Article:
January 18, 2013
In the Book Notes series, authors create and discuss a music playlist that relates in some way to their recently published book.
Previous contributors include Bret Easton Ellis, Kate Christensen, Kevin Brockmeier, George Pelecanos, Dana Spiotta, Amy Bloom, David Peace, Myla Goldberg, Heidi Julavits, Hari Kunzru, and many others.
Emily Raboteau's Searching for Zion is as thought-provoking a book as I have read in many years, a memoir that dares to tackle big issues while also illuminating both the writer's and her subjects' lives.
Kirkus Reviews wrote of the book:
"No quest for home is ever limited to a simple place, and the author evokes that reality beautifully by focusing on the spiritual aspect of the search for many of African descent…An excellent choice for readers interested in religion, philosophy and the elusive concept of home."
In her own words, here is Emily Raboteau's Book Notes music playlist for her book, Searching for Zion: The Quest for Home in the African Diaspora:
Searching for Zion examines what Zionism means in the African diaspora (as opposed to the Jewish one). My research carried me across five nations to visit black utopian communities that had left home, out of feelings of dispossession, to seek the "Promised Land." I grew up hearing about such a place in slave songs, gospel music, the speeches of Martin Luther King and in reggae lyrics. Music, in particular, suggested to me that Zion was for black folks, a shifting and elusive metaphor for freedom.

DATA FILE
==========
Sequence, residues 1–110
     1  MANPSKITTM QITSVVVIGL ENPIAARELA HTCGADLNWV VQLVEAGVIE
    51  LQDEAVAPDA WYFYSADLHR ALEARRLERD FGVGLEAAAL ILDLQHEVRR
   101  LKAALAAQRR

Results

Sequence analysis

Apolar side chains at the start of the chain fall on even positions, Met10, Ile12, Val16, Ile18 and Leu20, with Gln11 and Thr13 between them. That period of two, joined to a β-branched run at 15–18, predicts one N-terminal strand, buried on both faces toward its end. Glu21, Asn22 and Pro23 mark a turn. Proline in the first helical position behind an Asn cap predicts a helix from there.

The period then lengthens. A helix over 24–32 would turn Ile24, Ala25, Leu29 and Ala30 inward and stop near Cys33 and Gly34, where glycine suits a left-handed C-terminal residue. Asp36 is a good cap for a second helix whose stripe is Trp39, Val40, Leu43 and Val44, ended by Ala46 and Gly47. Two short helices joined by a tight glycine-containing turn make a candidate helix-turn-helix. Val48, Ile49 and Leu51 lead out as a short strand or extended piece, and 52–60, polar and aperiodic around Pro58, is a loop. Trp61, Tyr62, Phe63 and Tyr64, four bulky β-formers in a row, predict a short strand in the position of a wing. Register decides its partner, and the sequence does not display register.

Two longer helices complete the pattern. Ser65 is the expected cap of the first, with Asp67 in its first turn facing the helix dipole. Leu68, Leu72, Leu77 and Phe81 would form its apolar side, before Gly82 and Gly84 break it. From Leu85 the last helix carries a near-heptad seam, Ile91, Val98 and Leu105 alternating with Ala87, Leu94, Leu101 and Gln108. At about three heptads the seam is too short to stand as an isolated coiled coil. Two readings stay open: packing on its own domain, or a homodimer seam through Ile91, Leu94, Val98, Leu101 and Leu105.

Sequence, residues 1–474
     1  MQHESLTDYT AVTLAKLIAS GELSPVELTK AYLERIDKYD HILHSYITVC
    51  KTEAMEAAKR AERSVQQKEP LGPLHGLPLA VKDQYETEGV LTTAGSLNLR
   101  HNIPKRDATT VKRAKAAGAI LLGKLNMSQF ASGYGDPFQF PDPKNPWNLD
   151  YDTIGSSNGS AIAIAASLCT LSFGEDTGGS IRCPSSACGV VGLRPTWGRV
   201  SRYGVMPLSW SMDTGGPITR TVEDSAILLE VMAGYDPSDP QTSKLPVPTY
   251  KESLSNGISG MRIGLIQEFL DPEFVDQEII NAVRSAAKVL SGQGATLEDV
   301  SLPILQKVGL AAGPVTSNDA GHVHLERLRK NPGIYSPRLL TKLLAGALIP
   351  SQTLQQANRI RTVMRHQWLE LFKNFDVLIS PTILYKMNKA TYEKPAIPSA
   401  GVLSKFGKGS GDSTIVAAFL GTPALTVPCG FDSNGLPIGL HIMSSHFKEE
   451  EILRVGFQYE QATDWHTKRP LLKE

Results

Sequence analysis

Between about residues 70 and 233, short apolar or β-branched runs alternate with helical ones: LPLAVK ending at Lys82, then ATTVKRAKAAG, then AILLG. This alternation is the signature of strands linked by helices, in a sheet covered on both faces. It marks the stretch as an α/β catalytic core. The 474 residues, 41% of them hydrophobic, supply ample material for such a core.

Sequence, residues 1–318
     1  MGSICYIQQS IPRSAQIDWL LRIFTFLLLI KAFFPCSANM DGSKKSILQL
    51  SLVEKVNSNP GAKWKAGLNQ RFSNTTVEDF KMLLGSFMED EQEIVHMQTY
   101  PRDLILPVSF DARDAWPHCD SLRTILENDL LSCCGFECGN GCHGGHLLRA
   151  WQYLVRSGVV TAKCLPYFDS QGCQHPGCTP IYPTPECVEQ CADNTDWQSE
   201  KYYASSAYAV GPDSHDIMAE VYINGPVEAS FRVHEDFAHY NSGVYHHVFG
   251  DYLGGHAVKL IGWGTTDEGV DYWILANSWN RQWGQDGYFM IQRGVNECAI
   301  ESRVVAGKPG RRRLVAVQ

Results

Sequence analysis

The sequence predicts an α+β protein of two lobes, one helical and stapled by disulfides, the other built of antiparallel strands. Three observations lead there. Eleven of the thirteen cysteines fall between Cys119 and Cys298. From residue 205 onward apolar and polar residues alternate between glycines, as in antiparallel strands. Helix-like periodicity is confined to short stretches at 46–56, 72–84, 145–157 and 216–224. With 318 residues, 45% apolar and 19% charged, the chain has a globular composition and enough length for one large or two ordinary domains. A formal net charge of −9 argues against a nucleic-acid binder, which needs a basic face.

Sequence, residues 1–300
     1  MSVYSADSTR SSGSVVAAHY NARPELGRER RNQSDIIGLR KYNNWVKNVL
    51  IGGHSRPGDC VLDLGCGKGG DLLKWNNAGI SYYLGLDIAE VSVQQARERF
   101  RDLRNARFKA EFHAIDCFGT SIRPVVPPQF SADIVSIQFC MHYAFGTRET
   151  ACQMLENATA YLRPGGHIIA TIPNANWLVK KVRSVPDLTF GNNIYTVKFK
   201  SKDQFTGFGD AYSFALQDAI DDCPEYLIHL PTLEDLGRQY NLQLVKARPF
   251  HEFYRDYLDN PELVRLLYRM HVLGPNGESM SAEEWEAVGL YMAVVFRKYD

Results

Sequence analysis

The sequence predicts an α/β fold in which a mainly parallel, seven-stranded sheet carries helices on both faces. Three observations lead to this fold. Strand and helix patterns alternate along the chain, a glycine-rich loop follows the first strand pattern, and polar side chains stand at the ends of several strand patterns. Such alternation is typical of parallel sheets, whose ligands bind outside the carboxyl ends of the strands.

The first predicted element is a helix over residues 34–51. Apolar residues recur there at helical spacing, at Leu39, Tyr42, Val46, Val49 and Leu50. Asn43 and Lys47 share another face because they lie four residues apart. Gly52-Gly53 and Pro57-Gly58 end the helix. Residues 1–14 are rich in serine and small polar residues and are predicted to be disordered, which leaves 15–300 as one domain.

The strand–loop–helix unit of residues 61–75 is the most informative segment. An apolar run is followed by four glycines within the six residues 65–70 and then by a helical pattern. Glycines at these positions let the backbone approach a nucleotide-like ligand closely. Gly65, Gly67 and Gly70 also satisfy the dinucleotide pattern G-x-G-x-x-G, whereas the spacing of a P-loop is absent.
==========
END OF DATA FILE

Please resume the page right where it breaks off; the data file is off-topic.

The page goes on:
"Go Down Moses," Roland Hayes
When Israel was in Egypt land…
I have many Jewish friends who sing this old Negro spiritual at Passover seder. It may be the most obvious example of the kinship slaves in the American South felt with the slaves of the Hebrew bible. Paul Robeson and Louis Armstrong also recorded wonderful versions of this song, but I'm sharing Hayes's 1922 recording because it's closer to the source. Born in Georgia to former slaves, he was a Fisk Jubilee Singer who went on to have a successful solo career.
"Wade in the Water," Sweet Honey in the Rock
They must be the children of the Israelites…
A stirring a cappella version of another slave song. The lyrics refer to crossing the river Jordan in the book of Exodus where the Israelites push on toward Canaan.